Giving hope to persecuted Christians since 1995
Select Page

(March 7, 2006) – The Washington-DC based human rights group, International Christian Concern (ICC) has learned that the Hindu extremist group Rashtriya Swayamsevak Sangh (RSS) has claimed that more than 600 Christians, mainly Dalits and tribals, have been “reconverted” to Hinduism in the states of Jharkhand and Uttar Pradesh. However, when ICC investigated the claim, it found serious discrepancies.

The March 5 issue of the Organiser, a weekly publication of the RSS, reported that about 335 Christians belonging to 55 families “returned to their original roots” at a function held at “Soharpat village of Gumla district in Bihar ” recently. The report also claimed that more than 300 Christians “returned to Hindu fold” at Bhojpur village of Etah district in Uttar Pradesh in a separate ceremony.

One of the first discrepancies ICC found in this report is in the actual geography of the supposed reconversion event. Soharpat village is situated in the eastern state of Jharkhand, and not in Bihar state as reported by the RSS weekly. Another discrepancy ICC found was that the number of people reportedly “reconverted” was grossly exaggerated. According to the local police station, only about 50 Christians were reconverted to Hinduism, not 335.

“About 50 people belonging to the Munda tribe who had converted to Christianity lately were reconverted at a function held by…an affiliate of the Vishwa Hindu Parishad [World Hindu Council or VHP], at Soharpat village, which is situated on a hill in Latehar’s Mahuadaun Block,” Inspector In-Charge of Mahuadaun police station, Mr. Dilo Lohar, told ICC.

The weekly quoted a former state minister who was present at the reconversion function as saying that the state government should put a complete ban on conversion. He claimed that the Christian missionaries were “trapping local gullible Vanavasis [tribal people] and converting them to Christianity.” Anti-conversion laws are already enforced in the states of Madhya Pradesh, Chhattisgarh, Orissa, Arunachal Pradesh, and Gujarat .

The reconversion program was reportedly presided over by another politician belonging to the Hindu nationalist Bhartiya Janata Party (BJP), Mr. Samir Oraon, who is a Member of the state Legislative Assembly. Oraon appealed to all people of the tribal community who had “somehow adopted Christianity” to “come back to their original roots.”

The RSS report said that the worship of a mother goddess was performed by Hindu priests from 102 villages before the reconversion ceremony. “Mr. Mahirang Oraon, state organising secretary of [a radical Hindu group], welcomed them [Christians] by washing their feet. They were also offered Gangajal [water of River Ganga which is considered holy by Hindus] before the ceremony,” added the report.

The RSS claimed earlier that 128 tribal Catholic Christian families had “reconverted” to Hinduism at a function at Soharpat on January 30, 1999. However, a leading national newspaper, The Times of India, reported that the program was “shrouded in secrecy.”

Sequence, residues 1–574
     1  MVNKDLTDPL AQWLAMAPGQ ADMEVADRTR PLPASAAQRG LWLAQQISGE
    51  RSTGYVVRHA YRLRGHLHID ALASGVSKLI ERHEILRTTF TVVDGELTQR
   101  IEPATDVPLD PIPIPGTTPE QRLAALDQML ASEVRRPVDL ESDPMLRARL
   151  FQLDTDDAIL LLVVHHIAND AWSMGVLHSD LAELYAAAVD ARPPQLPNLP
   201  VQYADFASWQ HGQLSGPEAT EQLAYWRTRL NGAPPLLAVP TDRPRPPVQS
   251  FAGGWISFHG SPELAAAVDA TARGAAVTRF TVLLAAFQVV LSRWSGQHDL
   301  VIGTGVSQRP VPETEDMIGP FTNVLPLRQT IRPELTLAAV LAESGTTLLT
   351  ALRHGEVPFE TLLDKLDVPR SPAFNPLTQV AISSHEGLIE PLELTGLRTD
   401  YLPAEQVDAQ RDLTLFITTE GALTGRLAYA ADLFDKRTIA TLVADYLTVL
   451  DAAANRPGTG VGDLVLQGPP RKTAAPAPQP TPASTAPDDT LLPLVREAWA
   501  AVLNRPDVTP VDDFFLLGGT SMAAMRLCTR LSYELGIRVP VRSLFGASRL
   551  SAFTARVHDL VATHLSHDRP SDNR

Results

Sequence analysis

“Despite providing some photographs of a reconversion ceremony to substantiate their claims, the local RSS members are not prepared to give a list of the reconverted Christians or provide the names of their villages,” said the paper.

The Times also said that it was not clear whether the tribals had reconverted to Hinduism or decided to follow their own faith of nature worship and animism. It added that the reconversions were reportedly brought about through allurements like distributing blankets and clothes.

About the RSS’s claim of reconversions at Etah district in the north-central state of Uttar Pradesh, ICC found out that even the district administration was not aware of the reconversion program. Neither the office of the District Magistrate nor that of the Superintendent of Police had any information about it.

Additional District Magistrate of Etah, Mr. Vijay Singh Pal, told ICC that he learned of the event only after reading about it in a newspaper. “I cannot verify this report,” he said.

Another affiliate of the RSS claimed that more than 300 Dalit Christians had “reconverted” to Hinduism in a function held inside a church, reported a national newspaper, The Pioneer, on February 9. The ceremony allegedly took place at the New Apostle Church , which is situated at Bhojpur village on February 8.

The 18-year-old church was transformed into a Hindu temple, claimed the Hindu group. “After the ceremony, the church was ‘purified’ by Hindu priests, the cross removed from the apex of the building and replaced by the Hindu symbol of ‘ Om ’ and idols of ‘Durga’ were placed.”

Rajeshwar Singh, a Hindu leader, reportedly said that the campaign was designed by Hindu organisations to “wipe out churches and neutralize their effect.” He said the presence of these churches was having a “serious impact” on the Dalit community.

Singh stated that the priest of the church, Vijay Masih, agreed to give away the possession of this church to the village when the Hindu leader pressured him to do so.

The RSS earlier claimed that it “reconverted” more than 1,800 Dalit Christians in Etah on October 2 last year.